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Author 03.10.2013

Pottery: centering

Good afternoon, my dear friends… and everybody)). So, we begin to see into the main stages of work on a pottery wheel. Today we will learn centering. It is one of the most difficult stages for those who just begin to practice pottery. It is like brining up kids: you need children to obey and you also need to achieve obedience from clay. And this is not easy, you know…

For work we will need a pottery wheel, a bowl with water, prepared piece of clay, a string, a sponge, and surely grateful viewers))).

Pottery: centering

As a first step you need to make sure that clay is soft. If you have finger printing on it and at the same time clay does not stick to your fingers (i.e. it is not too watery), proceed to the next step. If clay is hard wrap it in a wet piece of cloth and put it into a plastic bag for a while. If clay is too soft you need to dry it.

Pottery: Check the softness of clay

Now cut off a piece of the required size with a string. As a rule there are some pinholes in clay; also it may be heterogeneous in structure and density.

Pottery: Voids in the clay

That’s why before putting a clay lump on a pottery wheel you need to beat it with your hand thoroughly. At the same time we form a ball out of this lump of clay.

Pottery: clay beating

Now we need to take a small piece of clay and turn on the pottery wheel.

Pottery. A small piece placed in the center

And spread clay thinly circle wise. This layer is needed to attach a working lump of clay and not to lose it during work.


Turn off the wheel and attach our main piece of clay pressing it around the perimeter properly.

Pottery. Attach our main piece of clay

Now you will need water. It is our lubrication; it does not allow clay to stick to your hands. You need to add water from time to time when it is drained and soaked into clay.

Pottery: Now pour the water

Now again turn on the pottery wheel and start centering. Squeeze our lump with both hands. It is important to fix your hands; don’t let them “bounce” from bumps on the clay. Right here you need to make clay obedient: it should follow your hands and not the other way around.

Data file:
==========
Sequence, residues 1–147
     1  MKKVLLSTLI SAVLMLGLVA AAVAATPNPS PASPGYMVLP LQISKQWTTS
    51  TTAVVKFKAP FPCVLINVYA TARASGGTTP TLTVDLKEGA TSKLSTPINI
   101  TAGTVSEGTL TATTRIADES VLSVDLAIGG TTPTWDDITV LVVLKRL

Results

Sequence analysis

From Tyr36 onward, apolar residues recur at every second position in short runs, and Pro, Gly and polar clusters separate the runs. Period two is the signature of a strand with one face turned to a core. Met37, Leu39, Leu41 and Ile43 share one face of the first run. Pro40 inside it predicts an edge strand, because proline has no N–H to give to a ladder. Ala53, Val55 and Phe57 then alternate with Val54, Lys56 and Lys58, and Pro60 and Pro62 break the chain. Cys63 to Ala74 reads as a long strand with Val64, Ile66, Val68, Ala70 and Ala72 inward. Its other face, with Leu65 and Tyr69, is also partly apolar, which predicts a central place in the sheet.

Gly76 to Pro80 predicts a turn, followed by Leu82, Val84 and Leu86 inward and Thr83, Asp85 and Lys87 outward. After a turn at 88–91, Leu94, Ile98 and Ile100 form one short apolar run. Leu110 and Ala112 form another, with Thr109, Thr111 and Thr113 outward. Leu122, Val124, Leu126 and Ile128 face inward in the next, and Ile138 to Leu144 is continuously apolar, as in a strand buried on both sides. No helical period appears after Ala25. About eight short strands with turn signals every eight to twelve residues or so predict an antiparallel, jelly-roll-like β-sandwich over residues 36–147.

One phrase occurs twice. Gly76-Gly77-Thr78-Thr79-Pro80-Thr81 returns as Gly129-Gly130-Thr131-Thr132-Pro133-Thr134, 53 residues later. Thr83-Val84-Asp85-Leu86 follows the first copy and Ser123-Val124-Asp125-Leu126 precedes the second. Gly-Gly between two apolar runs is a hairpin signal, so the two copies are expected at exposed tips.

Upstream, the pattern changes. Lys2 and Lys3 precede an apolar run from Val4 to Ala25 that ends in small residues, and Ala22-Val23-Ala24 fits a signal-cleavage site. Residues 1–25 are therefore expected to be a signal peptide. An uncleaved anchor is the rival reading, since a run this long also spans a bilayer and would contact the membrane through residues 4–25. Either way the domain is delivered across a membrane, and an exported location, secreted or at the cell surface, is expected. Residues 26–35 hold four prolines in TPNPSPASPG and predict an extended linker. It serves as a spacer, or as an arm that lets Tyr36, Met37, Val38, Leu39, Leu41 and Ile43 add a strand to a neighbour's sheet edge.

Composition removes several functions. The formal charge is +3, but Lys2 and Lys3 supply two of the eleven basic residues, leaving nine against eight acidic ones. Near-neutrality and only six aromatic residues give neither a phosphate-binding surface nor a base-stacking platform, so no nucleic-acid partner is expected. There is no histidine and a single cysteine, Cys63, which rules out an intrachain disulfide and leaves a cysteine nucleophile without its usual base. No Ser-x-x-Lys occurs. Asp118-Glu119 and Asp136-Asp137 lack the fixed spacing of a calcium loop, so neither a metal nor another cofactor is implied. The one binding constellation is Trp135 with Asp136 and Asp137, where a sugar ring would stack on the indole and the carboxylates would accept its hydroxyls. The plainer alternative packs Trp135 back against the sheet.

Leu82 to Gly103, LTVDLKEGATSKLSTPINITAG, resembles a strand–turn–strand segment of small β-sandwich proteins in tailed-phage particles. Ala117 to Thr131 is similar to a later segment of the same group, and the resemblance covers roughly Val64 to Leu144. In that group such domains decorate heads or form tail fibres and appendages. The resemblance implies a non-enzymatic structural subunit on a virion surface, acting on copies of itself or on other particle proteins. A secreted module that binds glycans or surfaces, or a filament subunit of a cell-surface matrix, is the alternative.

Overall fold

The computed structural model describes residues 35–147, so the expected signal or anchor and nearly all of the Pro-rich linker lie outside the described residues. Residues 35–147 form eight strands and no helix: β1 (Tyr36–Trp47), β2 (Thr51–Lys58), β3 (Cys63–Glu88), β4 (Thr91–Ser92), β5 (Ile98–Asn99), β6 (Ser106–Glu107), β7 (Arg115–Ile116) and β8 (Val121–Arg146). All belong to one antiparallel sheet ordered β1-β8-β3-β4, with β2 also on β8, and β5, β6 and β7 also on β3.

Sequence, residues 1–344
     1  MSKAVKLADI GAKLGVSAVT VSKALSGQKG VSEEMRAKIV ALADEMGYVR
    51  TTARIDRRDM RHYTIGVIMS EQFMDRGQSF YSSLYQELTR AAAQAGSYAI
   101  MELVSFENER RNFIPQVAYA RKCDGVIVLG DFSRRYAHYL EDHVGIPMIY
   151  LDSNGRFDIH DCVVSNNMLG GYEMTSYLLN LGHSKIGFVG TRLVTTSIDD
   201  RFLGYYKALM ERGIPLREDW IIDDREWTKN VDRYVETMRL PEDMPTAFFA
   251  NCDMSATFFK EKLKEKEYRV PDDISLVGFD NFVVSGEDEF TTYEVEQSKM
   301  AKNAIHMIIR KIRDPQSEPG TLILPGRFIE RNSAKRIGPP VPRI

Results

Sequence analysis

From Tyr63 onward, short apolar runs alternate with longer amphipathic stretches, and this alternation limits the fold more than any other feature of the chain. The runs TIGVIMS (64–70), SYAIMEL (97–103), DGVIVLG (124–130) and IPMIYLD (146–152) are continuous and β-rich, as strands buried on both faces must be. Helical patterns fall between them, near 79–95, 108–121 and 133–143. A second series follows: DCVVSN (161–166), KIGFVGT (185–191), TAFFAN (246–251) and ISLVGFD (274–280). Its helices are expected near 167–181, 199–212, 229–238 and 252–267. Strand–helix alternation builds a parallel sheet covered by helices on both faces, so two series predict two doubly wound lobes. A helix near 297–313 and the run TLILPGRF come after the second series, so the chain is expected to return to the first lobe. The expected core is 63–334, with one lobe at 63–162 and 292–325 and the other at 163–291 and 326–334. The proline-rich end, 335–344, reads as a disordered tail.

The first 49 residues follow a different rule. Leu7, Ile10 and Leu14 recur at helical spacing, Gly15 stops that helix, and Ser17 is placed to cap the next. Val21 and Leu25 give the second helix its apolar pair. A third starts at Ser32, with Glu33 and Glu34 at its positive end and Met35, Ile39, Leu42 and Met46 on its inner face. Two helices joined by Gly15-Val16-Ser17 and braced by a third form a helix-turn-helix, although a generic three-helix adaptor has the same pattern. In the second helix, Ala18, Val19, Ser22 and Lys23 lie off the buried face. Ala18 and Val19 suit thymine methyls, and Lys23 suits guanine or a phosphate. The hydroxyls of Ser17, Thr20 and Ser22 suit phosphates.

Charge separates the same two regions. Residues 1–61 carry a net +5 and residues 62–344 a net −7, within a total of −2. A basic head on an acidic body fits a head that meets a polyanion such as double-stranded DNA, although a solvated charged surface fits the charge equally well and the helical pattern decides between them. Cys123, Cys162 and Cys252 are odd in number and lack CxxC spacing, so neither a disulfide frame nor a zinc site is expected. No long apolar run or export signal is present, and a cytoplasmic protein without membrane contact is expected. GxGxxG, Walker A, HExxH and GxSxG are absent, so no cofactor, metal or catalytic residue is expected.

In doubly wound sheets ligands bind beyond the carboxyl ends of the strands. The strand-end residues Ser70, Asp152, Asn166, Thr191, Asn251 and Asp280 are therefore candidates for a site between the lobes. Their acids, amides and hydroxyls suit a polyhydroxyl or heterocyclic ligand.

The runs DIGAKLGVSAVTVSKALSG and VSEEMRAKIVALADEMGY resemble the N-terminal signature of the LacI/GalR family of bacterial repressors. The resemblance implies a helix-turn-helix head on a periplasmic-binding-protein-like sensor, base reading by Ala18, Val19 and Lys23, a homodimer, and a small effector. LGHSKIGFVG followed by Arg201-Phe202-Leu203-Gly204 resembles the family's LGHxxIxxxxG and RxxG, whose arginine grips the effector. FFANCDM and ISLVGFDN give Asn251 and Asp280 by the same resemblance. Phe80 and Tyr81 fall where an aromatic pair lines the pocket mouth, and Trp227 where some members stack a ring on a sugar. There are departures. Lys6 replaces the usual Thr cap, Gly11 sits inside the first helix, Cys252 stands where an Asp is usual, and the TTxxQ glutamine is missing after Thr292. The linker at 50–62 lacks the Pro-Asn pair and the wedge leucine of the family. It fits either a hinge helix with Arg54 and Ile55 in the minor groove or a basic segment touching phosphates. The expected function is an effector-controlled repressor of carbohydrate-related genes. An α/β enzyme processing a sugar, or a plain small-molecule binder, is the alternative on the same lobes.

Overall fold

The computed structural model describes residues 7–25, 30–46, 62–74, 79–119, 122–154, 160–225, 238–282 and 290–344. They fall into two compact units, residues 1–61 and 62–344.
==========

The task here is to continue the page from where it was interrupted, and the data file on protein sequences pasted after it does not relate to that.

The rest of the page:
As it is with children – it is necessary to teach them to fulfill their responsibilities (to clean up the room, for example) – so it is with clay – you need to “stick to your guns”. And as well as it is with children it is important not to go too far (not to squeeze too much). You can push away your child with such pressure; and clay will lose its shape and fly off the wheel.

Here you need soft power.

Pottery: Squeeze our lump with both hands

Gradually narrow down the lump of clay to make it a cone. And press with your right hand stronger and let your left hand support.

Pottery: Cone shrinking

Pottery: Statement of hands

In this picture you can see the parts of the hands participating in centering.

Pottery: Parts of the hands participating in centering

Don’t forget to wipe off water with a sponge.

Pottery: Don’t forget to wipe off water with a sponge.

If you have a big lump of clay there is another “super take-over” of pottery kung fu. Your right hand is operating, the elbow is set against the belly, and the left hand holds the right one firmly helping it not to “respond” to the impulses of clay. (Sometimes parents need to join their efforts in bringing up the kids). Press the lump of clay slowly and surely molding it till the desired form.

Pottery: Statement of hands for centering

There is another method: “fine treatment” (fine finishing). Here fingers are involved: they move from the bottom upwards and from top downward finishing all the bumps like a lathe knife.

Pottery: trim the cone with your fingers

You can cut off excessive clay at the bottom.

Pottery: align the base

Likewise sliding your finger back and forth across the cone you can check how well it was centered; it should not bounce. If the finger bounce on some parts you need to even it a little bit more.

Pottery: Check whether jumping

That’s the cone you should have.

Pottery: Cone

Now you need to make the cone oblate-shaped (lower it down) like a stub (or a mushroom). The right hand (operating) presses from above; the left hand supports the form. And the palms of your right hand are adjacent to the side and prevent clay from bouncing.

Pottery: Now you need to press down on top of the cone

These are the marks of clay when you try to lower it down.

pottery: marks of clay

This is the view from above. The right hand passes through the center and covers a half of the clay cone.

view from above

Slowly but surely continue to lower hands (literally, not figuratively).

Pottery: continue to lower hands

That’s the “mushroom” you should have.

Pottery: Centered piece of clay

Sometimes it is enough to do these steps one time to center and knead clay well. But usually it takes more time and you need to raise clay and lower it down several times and only after that proceed further.

This is it for now. I wish you success in pottery! And see you soon “on the air”!

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